Dillard and Woolf waxed elegiac
over its immolation in a candle’s
flame—overcome, I imagine, by the
surrealism of the juxtaposition:
a single, innocuous wick lit to
guide the path of the writer’s words
morphs into a luminous siren
calling a foundering craft to its
swift and fiery end.
But for me, a writer with no
Candle at all to play muse
to me and a moth, these millers
do nothing but wreak havoc
at midnight with my peace,
so that, at last, I throw back
the sheets and flip on the lamp
—drab derivative of that swankier
icon of days when writers took
their craft seriously, for god’s sake,
and to hell with their eyesight.
This 60-watt presence might
stage no awe-inducing
funeral pyre—more’s the pity.
But at least it silences what,
in the last hopeless minutes before
my surrender to it, had grown to
my ears into an unspeakably eerie
cacophony of milleresque good cheer.
Several had congregated between the
slats of the metal blinds while others
reclined roguishly against the glass itself,
and the sound they made—delighted, it
would seem, by the serendipity of this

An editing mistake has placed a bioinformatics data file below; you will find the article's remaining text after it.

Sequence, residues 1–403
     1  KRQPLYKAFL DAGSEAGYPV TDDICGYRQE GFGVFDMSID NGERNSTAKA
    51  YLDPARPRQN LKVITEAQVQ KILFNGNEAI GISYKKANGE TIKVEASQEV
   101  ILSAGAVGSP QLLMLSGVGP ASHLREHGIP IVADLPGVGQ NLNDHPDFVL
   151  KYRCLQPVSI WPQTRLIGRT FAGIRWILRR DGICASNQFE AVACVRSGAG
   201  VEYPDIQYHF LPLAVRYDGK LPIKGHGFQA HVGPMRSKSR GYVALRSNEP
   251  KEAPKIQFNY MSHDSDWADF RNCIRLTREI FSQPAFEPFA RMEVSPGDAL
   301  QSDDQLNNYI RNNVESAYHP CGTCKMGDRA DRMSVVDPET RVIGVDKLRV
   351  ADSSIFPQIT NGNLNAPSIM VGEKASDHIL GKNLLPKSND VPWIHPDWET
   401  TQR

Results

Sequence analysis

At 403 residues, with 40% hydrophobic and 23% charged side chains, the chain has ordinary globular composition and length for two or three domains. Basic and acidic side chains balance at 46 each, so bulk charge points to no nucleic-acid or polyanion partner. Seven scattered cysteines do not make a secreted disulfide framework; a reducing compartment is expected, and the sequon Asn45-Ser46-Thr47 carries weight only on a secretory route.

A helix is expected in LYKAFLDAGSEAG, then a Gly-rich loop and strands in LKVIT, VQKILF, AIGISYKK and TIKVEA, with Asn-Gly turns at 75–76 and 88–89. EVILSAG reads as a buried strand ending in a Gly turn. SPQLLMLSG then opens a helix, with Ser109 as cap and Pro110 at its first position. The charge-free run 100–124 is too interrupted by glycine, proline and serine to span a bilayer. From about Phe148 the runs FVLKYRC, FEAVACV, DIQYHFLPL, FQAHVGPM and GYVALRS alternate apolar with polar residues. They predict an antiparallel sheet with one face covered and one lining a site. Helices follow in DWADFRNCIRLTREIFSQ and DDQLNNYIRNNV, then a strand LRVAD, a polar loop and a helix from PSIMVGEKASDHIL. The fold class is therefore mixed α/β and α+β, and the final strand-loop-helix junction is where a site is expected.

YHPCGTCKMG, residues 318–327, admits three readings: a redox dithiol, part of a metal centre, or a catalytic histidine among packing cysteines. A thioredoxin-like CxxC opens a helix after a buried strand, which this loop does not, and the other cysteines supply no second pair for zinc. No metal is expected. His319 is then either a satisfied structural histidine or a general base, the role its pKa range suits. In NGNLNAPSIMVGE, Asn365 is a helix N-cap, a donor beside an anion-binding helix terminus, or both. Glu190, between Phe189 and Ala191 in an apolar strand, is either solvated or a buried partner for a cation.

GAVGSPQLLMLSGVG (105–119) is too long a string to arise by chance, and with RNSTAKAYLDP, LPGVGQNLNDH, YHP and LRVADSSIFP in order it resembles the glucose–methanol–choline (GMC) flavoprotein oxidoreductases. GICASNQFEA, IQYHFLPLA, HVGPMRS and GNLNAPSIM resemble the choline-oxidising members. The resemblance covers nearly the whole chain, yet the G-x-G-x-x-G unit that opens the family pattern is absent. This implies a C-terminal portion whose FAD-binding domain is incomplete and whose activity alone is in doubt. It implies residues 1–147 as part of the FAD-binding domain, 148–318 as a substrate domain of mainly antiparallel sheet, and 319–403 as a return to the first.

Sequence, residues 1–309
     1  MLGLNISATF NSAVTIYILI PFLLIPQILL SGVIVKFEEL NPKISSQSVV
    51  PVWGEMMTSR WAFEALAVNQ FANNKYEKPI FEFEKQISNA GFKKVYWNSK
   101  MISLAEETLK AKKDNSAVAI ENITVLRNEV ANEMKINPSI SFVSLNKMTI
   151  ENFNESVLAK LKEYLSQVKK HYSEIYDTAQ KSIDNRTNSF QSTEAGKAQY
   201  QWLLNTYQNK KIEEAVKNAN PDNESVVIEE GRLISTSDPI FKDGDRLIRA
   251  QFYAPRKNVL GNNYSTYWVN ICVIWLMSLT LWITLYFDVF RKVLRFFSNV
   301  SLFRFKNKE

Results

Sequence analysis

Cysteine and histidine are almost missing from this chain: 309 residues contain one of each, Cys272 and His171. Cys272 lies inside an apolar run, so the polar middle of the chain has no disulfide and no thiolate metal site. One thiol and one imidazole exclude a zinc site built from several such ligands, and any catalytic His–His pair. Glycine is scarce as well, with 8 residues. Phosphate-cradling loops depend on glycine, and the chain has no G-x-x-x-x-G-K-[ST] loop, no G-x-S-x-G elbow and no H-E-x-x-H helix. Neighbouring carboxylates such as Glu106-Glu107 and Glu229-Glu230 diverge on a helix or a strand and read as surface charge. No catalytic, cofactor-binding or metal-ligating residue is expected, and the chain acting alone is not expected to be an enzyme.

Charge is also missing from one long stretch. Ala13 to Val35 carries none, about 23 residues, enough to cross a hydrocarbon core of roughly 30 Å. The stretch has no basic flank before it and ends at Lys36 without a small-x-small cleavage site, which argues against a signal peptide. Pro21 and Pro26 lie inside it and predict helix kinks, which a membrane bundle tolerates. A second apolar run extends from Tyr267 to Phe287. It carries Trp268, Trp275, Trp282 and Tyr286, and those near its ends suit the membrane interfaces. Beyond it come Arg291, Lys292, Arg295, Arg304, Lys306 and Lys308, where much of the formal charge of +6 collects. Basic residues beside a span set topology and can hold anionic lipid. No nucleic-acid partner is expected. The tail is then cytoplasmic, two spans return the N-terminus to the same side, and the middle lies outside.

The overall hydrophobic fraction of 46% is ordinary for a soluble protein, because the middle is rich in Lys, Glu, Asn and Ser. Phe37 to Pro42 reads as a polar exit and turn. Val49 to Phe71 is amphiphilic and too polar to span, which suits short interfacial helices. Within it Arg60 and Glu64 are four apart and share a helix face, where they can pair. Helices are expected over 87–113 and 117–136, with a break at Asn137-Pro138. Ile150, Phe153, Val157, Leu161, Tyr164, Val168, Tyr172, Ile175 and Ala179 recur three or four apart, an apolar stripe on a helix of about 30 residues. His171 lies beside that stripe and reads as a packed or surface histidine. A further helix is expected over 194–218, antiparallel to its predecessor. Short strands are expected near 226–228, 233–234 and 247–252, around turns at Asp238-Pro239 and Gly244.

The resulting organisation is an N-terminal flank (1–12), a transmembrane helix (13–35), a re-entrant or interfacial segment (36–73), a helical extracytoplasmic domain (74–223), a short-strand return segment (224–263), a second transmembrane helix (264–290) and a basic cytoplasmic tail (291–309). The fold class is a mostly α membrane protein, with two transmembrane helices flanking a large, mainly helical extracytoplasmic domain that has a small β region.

late-May confluence in my window dressings
—was like a dozen tinny old throats
clearing in syncopation or a clutch
of crones whose creaky discourse
chirrups and clacks as from a homey
kitchen table just down the stairs.
So is it any wonder at all,
that this sublunary racket was
not to be borne?
It could be the lateness of the hour
or the grievance I harbor
at the galling knowledge that
my night, my home,
my sweet oblivion
have been forfeited to these
creepy, unwelcome, downright
dirty little visitors—
But still, I can’t help but wonder
now if those hapless little blunderers
in your moth-mad sleepless nights, my
insomniac heroines, might not have
had a bit of help into your candles’
cleansing, silencing, finalizing flames.